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Eleutherios: The Only Truth That Sets The Heart Free

Adi Da Samraj

The Dawn Horse Press, 2001


One can say that Kaplan (see The Coming Anarchy) and Friedman (see The Lexus and the Olive Tree) are each looking at the same world, but the former is a pessimist while the latter is an optimist. In contrast, the Spiritual Master, Adi Da Samraj, is a Realist of the ultimate kind. That is to say, Adi Da is not limited to secular world views, or even views of the Greater Reality that include linking up with astral planes, spiritual guides, and the like (as in Spiritual Politics). Adi Da grounds the observations and proposals of Eleutherios — and material reality itself, for that matter — in the priorly existing Transcendental Reality. That Enlightened State of Perfect Happiness is the ultimate human destiny, and — even beyond all the forces and needs that motivate war, crime, and all conventional discord — the deepest need of every human heart. It is therefore necessarily at the center of a road to human sanity on both a local and a global scale. But the entry price that must be paid for Enlightenment is the complete transcendence of one's own ego.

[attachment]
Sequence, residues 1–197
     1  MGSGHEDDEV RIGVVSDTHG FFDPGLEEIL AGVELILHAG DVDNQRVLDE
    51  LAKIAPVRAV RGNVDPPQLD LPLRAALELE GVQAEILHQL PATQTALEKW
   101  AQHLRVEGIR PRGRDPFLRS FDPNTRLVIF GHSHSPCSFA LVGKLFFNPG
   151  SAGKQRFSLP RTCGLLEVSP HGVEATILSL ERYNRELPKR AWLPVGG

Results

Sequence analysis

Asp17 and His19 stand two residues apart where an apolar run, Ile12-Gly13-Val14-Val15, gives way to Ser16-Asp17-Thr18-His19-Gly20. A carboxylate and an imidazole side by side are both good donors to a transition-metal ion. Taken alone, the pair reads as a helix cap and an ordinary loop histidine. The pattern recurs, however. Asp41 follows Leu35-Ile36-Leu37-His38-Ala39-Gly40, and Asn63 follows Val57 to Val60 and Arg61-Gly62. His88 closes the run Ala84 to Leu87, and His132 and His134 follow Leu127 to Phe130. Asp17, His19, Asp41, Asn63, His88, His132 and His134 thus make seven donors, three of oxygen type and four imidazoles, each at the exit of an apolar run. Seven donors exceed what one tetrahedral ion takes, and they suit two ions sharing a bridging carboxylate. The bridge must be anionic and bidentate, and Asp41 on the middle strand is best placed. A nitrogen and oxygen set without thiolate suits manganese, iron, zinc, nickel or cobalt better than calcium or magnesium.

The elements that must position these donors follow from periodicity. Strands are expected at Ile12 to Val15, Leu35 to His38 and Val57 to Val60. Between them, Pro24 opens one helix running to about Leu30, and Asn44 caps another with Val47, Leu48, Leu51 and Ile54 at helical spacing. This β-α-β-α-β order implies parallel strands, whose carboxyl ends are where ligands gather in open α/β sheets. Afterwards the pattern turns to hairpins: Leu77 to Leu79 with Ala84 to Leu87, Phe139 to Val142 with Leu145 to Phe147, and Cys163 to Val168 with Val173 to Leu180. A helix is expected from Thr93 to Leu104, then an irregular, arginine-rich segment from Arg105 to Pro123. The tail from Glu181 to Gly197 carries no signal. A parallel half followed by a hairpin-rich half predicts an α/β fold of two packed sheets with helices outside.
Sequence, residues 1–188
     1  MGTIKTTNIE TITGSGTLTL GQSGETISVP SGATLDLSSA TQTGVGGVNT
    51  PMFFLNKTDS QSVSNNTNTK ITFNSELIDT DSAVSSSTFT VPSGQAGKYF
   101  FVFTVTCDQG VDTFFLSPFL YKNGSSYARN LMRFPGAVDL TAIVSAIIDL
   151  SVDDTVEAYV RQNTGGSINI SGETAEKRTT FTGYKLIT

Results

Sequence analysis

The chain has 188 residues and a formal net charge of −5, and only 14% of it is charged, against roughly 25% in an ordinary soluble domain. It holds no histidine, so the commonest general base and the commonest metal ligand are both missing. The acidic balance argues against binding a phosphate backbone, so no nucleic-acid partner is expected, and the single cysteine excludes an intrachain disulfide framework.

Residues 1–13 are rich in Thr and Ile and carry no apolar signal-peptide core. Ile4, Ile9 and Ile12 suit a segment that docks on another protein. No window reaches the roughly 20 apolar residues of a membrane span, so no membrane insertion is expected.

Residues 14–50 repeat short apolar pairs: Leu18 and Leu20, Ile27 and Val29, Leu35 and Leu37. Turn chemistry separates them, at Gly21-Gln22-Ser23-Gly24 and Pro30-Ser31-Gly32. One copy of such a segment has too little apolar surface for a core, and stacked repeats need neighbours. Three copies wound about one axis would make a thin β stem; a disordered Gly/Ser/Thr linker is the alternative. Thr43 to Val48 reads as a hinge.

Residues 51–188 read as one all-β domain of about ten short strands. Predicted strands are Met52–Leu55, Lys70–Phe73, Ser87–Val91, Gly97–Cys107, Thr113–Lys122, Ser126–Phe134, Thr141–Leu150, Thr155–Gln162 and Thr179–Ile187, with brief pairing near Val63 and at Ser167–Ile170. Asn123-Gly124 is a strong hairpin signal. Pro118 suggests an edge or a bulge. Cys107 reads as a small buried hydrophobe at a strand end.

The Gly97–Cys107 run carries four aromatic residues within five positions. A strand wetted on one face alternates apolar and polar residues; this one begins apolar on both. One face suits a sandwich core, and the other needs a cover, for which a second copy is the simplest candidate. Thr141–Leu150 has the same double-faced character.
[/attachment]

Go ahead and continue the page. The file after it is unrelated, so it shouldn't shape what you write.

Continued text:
excerpt from the book: